BookmarkBookmarkTickBookmarkAdd

Pregnant Women Are Being Denied the COVID-19 Vaccine Despite Eligibility

"I left in tears because after this super stressful year of uncertainty, I really thought this was it. Knowing that I was at risk, I was really looking forward to getting it and was offered no explanation. It was disheartening for someone else to make that decision for me."
save article
profile picture of Nehal Aggarwal
Published
April 15, 2021
Pregnant woman wearing a face mask and looking down.
Image: Amina Filkins

In recent weeks, pregnant women have been getting turned away at COVID-19 vaccination sites, despite being eligible.

Last month, in Bakersfield, California Amanda Punkett, was told she could not get her COVID-19 vaccine at Walgreens. Punkett and her husband had been protecting themselves from the virus to the best of their ability, and decided to get vaccinated before their newborn arrived.

“We’ve been very good about really keeping to ourselves, which has changed the dynamic of what it’s like to be pregnant with your first child," she told local outlet 23ABC News.

“At first she felt uncomfortable with being in a pharmacy setting, administering to a pregnant woman,” her husband also told the outlet, adding that she had also brought a letter from her doctor to her vaccination appointment. However, when Plunkett showed up, the person giving the doses refused to administer hers. While Walgreens apologized to Plunkett for the incident, as her due date is rapidly approaching, she’s now going to wait until after the birth to try again.

Similarly, Tiffany Del Rio of Alexandria, Virginia booked her appointment at the Kroger pharmacy near Roanoke. However, the pharmacy cancelled her appointment days beforehand. They said that the Pfizer vaccine was “not recommended” for pregnant women, NBC4 Washington reports.

“To be turned away and told that Pfizer isn’t being used on pregnant women—which is not true—that seemed to just be disappointing and concerning,” Del Rio told the outlet.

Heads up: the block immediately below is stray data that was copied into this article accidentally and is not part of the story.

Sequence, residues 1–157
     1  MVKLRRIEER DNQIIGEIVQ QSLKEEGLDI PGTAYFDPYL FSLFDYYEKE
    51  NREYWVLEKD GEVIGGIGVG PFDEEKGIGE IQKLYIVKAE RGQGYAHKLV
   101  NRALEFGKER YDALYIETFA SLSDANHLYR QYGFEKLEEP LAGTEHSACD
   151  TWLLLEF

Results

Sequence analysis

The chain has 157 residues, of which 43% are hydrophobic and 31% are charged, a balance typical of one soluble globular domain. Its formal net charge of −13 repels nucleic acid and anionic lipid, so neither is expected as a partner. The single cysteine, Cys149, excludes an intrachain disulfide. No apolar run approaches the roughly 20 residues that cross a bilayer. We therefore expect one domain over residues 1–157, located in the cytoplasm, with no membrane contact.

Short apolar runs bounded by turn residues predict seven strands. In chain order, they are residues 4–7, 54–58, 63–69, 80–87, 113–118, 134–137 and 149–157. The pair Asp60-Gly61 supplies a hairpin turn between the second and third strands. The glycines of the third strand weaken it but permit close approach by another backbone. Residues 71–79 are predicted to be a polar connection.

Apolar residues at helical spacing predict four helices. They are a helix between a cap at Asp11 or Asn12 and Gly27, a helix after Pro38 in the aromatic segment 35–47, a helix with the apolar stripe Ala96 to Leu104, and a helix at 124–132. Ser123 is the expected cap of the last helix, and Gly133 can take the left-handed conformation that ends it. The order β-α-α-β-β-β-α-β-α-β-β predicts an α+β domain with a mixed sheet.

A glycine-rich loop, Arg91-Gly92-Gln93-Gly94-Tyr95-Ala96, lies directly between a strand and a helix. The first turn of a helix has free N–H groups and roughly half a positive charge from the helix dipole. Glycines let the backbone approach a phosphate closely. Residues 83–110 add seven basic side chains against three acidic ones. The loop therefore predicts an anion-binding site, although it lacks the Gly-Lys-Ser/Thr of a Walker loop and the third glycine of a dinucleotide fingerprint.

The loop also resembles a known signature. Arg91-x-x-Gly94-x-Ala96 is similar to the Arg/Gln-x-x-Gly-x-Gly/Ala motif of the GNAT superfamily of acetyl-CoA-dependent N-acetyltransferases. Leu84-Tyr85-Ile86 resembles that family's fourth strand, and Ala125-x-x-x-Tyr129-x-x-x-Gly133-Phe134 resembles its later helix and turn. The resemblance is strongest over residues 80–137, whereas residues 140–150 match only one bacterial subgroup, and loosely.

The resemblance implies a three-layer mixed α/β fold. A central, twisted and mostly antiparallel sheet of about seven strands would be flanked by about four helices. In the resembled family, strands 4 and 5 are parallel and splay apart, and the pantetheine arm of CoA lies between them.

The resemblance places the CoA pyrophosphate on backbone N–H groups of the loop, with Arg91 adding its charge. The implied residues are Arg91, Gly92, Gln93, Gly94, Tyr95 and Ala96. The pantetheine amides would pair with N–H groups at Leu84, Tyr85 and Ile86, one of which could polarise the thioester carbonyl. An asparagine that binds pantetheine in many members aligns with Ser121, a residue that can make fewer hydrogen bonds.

Amaya Mendizabal, who lives in Miami and is expecting her second child, was turned away at her drive-thru appointment, despite bringing the state-required form from her doctor and a note. She was told that pregnant people were not being vaccinated at the drive-thru and that was “just the protocol.”

“I left in tears because after this super stressful year of uncertainty, I really thought this was it. Knowing that I was at risk, I was really looking forward to getting it and was offered no explanation,” she told TODAY Parents. “It was disheartening for someone else to make that decision for me.”

Choosing to get the COVID-19 vaccine is an incredibly emotional and personal decision, especially for new and expectant parents. The ACOG has said COVID-19 vaccines should be given to pregnant individuals that wish to be vaccinated and meet the criteria for vaccination, as studies have shown that COVID-19 may cause more severe illness in someone who is pregnant. While early studies show that vaccinated moms-to-be can pass protective antibodies to newborns, experts have called for more research surrounding the vaccine for pregnant women. What’s more, Pfizer has even begun including pregnant women in its trials.

With a national ongoing effort to help keep pregnant women safe, it can be devastating to someone who has made the emotional decision to get vaccinated to then be turned away.

To help pregnant women decrease their chances of being turned away during a vaccine appointment, Daniel Roshan, MD FACOG FACS, recommends mentioning the pregnancy when booking the appointment and acknowledging that they have consent from their provider.

Mary Jane Minkin, MD, clinical professor of obstetrics and gynecology at Yale University, also recommends they bring a note from their OB provider (doctor or midwife) to the appointment. The note should state “that they have discussed the issues involved in vaccination of pregnant women, and that the doctor/midwife has approved of the woman receiving the vaccine,” she says, adding that the note should be written on a prescription pad or letterhead with the provider’s name on it.

“My guess is that the vaccinating place is concerned about potential liability issues, which they shouldn’t have, but a note from the OB provider should work,” Dr. Minkin explains. “The other thing women can do is visit ACOG.org and pull up the information about the COVID vaccine for pregnant women, print it out and bring it with them.”

Please note: The Bump and the materials and information it contains are not intended to, and do not constitute, medical or other health advice or diagnosis and should not be used as such. You should always consult with a qualified physician or health professional about your specific circumstances.

save article

Next on Your Reading List

Article removed.